On #fourcomics and That Feeling

Yesterday, writer Jim Zub started a hashtag on Twitter that quickly took off into this glorious internet waterfall of remarkable comics.  There’s lots of great stuff there with both creators and fans chiming in that definitely makes it worth scrolling through the tag.

I did, of course, share my own four.

It started with my older brothers’ comics.  A few Aquaman, but mostly stuff like G.I. Joe and Punisher and I remember one cover that had Nick Fury on it, but I can’t recall if it was a S.H.I.E.L.D. comic or Howling Commandos or what.  Those ones never appealed to 7-year-old me, but Aquaman … oh my God, Aquaman … with his pretty blonde hair on that cover, so colorful and happy looking—that definitely drew me in.  I would sit and read those comics in the attic when my brothers weren’t home so they didn’t know I was touching them.  And while Aquaman himself was amazing, I eventually met Mera and couldn’t believe how beautiful she was and how fierce.  That is my earliest memory of comics, and when I think about it I still get that same feeling I had when I read them so long ago.  That warm, incredible feeling that something like this could exist—characters like that could exist.  I wish my brothers still had those issues, but none of us have been able to find them for years, and I’m lost as to what happened to them.

I still have my hands on that Ren & Stimpy, which was the first comic I ever consciously chose for myself, picked up off the rack at the comics shop during a trip with my brothers.  Calvin & Hobbes came after, a collection that my sister had and encouraged me to read again and again.  Most of the jokes and brilliance of that book were quite far over my head at the time, but it was still enjoyable and further fueled the addiction.  I just recently asked my sister if I could have that well-loved copy of Calvin, but was met with a resounding no.  (In fact, I think the exact words were “HECK NO, I love that book.”)

As my siblings got older, spent more time being social, and eventually outgrew comics, my access to the good stuff took a big hit.  It wasn’t until my preteen years when I was on a trip with my parents and happened to walk into a bookstore that—shock!—sold comics, that my love for them was reignited.  They had collections of re-printed arcs, and I remember seeing an X-Men cover with Savage Land Rogue on it.  That was the moment it was all over.  The deed was done, the cement block of love walloped me on the head, and I was finished.  I saw that issue and thought I MUST HAVE THIS.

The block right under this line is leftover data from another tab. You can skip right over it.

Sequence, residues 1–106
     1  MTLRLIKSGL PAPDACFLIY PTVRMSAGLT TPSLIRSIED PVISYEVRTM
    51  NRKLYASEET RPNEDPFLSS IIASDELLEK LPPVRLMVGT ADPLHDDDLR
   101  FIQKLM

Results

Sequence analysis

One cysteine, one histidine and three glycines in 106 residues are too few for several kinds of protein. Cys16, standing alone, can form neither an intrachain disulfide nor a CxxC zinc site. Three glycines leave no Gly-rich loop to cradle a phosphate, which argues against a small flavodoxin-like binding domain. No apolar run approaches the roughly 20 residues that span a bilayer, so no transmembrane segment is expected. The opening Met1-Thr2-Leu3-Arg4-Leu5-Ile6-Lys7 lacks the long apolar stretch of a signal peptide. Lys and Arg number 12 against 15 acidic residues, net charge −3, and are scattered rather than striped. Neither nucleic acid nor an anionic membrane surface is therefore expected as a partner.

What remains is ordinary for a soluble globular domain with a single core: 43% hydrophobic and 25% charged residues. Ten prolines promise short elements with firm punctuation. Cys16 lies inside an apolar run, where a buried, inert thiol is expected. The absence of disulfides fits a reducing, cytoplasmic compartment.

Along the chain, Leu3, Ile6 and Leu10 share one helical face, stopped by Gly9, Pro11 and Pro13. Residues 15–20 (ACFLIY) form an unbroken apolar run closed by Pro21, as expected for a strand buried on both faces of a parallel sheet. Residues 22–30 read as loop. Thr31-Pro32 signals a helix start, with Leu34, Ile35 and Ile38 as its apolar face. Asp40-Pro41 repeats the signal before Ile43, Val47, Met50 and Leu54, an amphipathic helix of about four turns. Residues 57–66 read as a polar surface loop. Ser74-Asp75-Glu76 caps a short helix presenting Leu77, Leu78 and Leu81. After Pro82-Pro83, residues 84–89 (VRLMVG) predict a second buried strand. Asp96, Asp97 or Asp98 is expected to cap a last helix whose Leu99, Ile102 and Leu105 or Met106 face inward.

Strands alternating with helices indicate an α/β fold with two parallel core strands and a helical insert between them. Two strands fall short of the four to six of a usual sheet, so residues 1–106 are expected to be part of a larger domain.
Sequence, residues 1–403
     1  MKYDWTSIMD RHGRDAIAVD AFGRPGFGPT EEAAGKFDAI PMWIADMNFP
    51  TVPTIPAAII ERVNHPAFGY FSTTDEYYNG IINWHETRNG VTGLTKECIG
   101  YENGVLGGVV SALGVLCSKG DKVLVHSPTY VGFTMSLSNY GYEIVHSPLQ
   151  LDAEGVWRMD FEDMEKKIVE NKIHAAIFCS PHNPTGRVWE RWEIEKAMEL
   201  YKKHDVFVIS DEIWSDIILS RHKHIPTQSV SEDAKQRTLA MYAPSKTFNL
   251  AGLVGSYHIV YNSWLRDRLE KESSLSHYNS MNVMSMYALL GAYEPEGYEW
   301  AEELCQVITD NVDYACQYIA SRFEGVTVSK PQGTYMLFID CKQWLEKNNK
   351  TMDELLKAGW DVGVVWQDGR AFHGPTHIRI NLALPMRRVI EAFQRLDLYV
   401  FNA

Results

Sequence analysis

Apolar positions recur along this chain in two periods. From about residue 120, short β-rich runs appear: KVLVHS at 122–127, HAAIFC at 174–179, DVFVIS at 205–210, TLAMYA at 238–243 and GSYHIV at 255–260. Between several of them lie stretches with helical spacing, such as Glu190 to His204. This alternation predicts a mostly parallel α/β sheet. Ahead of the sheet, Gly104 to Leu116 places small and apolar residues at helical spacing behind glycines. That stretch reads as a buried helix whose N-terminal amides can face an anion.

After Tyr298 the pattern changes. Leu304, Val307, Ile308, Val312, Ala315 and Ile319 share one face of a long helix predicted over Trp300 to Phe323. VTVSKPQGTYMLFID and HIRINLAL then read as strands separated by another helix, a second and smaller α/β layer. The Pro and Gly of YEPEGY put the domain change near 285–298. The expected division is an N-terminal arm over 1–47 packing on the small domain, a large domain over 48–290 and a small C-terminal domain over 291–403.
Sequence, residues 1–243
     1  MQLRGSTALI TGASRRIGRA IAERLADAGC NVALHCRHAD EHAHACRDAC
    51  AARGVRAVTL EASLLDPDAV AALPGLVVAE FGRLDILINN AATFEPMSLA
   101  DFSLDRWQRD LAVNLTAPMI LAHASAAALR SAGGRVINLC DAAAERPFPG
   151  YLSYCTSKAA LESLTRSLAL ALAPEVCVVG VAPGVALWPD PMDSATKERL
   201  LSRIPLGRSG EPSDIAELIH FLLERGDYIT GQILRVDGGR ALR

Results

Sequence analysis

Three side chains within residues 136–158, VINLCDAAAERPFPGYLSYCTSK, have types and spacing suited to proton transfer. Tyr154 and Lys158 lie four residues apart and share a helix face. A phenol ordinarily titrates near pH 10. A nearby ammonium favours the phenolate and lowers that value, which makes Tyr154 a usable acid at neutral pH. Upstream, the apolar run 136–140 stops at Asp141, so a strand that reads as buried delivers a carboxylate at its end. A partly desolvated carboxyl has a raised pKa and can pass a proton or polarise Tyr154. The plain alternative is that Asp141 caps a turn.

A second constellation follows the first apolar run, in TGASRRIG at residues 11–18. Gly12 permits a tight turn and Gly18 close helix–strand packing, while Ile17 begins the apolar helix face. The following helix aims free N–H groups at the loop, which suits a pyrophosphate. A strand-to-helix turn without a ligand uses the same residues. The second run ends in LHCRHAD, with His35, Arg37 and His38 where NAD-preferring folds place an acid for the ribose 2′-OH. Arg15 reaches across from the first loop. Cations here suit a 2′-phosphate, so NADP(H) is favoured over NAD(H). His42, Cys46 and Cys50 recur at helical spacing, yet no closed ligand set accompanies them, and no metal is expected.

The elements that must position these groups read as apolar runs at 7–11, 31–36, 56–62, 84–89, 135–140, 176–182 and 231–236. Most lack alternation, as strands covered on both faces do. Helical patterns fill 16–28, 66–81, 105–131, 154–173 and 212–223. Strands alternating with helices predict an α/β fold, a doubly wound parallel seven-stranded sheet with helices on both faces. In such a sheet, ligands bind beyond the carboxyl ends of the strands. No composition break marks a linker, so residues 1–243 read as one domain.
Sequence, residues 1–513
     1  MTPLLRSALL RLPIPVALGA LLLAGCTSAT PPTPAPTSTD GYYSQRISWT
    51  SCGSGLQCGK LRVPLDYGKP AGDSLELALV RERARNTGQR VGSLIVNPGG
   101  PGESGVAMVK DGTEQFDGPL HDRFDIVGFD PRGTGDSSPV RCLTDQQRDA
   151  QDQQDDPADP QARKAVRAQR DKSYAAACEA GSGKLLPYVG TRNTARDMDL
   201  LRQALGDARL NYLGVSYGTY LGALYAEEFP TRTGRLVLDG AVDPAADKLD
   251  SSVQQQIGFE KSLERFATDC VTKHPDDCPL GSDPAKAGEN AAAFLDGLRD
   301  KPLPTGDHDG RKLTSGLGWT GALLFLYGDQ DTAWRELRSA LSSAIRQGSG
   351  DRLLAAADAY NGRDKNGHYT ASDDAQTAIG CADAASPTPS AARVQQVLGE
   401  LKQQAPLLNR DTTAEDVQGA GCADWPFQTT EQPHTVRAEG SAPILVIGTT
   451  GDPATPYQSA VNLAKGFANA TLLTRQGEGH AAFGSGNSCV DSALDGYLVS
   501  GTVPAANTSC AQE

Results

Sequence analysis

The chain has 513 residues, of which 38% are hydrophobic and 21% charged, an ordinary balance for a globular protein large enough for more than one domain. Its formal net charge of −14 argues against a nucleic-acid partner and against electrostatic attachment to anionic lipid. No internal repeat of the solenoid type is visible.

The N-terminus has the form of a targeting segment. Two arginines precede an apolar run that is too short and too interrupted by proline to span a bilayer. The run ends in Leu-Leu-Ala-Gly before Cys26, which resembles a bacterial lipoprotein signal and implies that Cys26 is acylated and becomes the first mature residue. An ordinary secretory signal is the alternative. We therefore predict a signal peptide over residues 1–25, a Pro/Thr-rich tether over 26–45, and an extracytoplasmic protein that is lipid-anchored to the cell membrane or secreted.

And I did have it.

And it was like a drug.

I was already a huge Rogue fan, having grown up watching the X-Men animated series, so realizing that the story was still going and that I could, in fact, get more of it was life-changing.  I continue to collect X-Men to this day.  And while there’s more to my particular history of comics—working in a comic shop, branching out to genres outside of superhero, even sacrificing comics for a time—the one constant has been that feeling I always get when I pick up a book that speaks to me.  It’s a feeling that no other medium can replicate.  Like going home.

The #fourcomics trend from yesterday gave me that feeling a hundred times over.

I’m scouring eBay for that issue of Aquaman.

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One response

  1. Pingback: Falling in Love Again at Boston Comic Con 2015 - Comics Should Be Good! @ Comic Book ResourcesComics Should Be Good! @ Comic Book Resources

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